I could keep going, but I will end on a humorous selection with Let’s Pretend This Never Happened (A Mostly True Memoir), written and read by Jenny Lawson.
Laugh out loud funny. Also check out her blog, aptly titled The Bloggess, “Like Mother Teresa, Only Better”.
I returned to my old neighborhood at UC Berkeley today. I don’t get to campus very often since I left my job at the Berkeley Art Museum and Pacific Film Archive (BAMPFA) last December. But I was lured back by the Greater Good Science Center, of which I have been a member for a couple of years now. Taking their Science of Happiness MOOC (massive open online course) in September, 2014, was a life-changing experience. I highly recommend it. The next offering begins September 6 this year.
According to the program notes for my adventure today, a “day of cutting-edge research and awe-inspiring performances”, the event “marks the culmination of an unprecedented three-year project to advance the scientific study of awe, conducted by Dacher Keltner’s Berkeley Social Interaction Laboratory and funded by the John Templeton Foundation”. Sounded like a worthwhile way to spend a Saturday to me!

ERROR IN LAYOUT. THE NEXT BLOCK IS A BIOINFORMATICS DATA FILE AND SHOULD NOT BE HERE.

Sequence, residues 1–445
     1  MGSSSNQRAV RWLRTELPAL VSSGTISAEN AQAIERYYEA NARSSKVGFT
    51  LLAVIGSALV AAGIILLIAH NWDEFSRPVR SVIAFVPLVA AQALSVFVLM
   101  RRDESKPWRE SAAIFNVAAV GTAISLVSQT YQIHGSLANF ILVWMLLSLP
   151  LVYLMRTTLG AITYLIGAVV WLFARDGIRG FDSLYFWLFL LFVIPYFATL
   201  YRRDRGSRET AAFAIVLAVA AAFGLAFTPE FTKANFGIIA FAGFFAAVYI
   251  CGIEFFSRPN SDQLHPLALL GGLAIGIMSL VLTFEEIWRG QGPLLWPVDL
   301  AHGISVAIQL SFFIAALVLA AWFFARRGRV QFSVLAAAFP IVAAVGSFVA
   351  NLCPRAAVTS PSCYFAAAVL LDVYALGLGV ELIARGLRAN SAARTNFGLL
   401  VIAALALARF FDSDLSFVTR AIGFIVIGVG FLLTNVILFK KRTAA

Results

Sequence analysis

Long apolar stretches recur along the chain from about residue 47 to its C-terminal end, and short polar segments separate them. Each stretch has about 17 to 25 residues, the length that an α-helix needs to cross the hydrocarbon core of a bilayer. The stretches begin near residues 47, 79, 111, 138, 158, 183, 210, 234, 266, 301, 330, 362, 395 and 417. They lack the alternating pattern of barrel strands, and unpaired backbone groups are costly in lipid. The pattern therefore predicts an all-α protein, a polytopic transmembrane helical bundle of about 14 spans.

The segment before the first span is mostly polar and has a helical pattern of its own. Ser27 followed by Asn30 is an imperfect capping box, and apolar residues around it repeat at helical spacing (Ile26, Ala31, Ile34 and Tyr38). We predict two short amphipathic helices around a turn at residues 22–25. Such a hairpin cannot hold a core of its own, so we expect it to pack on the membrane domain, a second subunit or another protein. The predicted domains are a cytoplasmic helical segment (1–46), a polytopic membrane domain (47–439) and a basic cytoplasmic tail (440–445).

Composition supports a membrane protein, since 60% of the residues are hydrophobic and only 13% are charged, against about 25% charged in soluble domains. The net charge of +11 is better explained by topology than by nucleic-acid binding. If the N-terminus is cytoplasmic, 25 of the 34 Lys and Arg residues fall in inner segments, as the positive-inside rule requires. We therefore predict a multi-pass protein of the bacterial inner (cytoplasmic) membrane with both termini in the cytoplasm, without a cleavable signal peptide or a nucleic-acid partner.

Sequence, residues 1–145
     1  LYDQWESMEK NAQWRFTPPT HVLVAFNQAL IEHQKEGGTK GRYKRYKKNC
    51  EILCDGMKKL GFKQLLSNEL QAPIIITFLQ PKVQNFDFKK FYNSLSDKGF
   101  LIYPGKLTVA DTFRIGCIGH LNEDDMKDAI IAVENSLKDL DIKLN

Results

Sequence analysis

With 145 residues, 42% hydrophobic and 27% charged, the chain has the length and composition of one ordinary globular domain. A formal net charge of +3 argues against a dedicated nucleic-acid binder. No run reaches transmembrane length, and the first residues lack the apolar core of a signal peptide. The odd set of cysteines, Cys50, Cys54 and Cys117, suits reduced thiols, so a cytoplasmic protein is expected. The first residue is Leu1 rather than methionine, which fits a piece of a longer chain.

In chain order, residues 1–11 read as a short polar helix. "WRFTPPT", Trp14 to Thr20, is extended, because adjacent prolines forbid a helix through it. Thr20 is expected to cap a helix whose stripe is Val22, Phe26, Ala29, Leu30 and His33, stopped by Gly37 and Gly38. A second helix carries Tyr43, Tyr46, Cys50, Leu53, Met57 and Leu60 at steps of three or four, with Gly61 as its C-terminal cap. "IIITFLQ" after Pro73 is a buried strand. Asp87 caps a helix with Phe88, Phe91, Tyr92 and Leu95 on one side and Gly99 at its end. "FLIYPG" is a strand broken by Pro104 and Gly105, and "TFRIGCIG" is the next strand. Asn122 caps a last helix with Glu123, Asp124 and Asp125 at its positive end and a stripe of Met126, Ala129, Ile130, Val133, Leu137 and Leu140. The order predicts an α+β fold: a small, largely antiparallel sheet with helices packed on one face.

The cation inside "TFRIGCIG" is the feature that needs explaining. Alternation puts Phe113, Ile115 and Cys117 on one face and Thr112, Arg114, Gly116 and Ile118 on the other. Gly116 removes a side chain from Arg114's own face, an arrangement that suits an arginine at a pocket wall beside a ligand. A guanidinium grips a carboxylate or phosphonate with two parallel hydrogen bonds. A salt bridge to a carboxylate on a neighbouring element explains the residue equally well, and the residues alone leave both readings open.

Off I headed to the Zellerbach Playhouse, a smaller (yet to me, nicer) annex to the big Zellerbach Hall that is the home of Cal Performances.
Ever since I took “The Science of Happiness”, I’m kind of a Dacher Keltner groupie. UC Berkeley psychology professor Dr. Keltner is the founding director of the Greater Good Science Center. He gave the morning keynote, “What Is Awe and Why Does It Matter”, getting us off to a great start. (I am trying not to use the word awesome. And I apologize for the “save” box on the portraits; that happened when I screen shot the images somehow and I am not going to redo them!)
What is awe, you ask? Keltner defines it as “being in the presence of something vast, beyond current understanding”.
Lest you think this will get too serious, the discussion even included designing better emoticons with an artist from Pixar.
And why study awe? Because awe might provide the counterpoint to what many of us see as a current cultural malaise.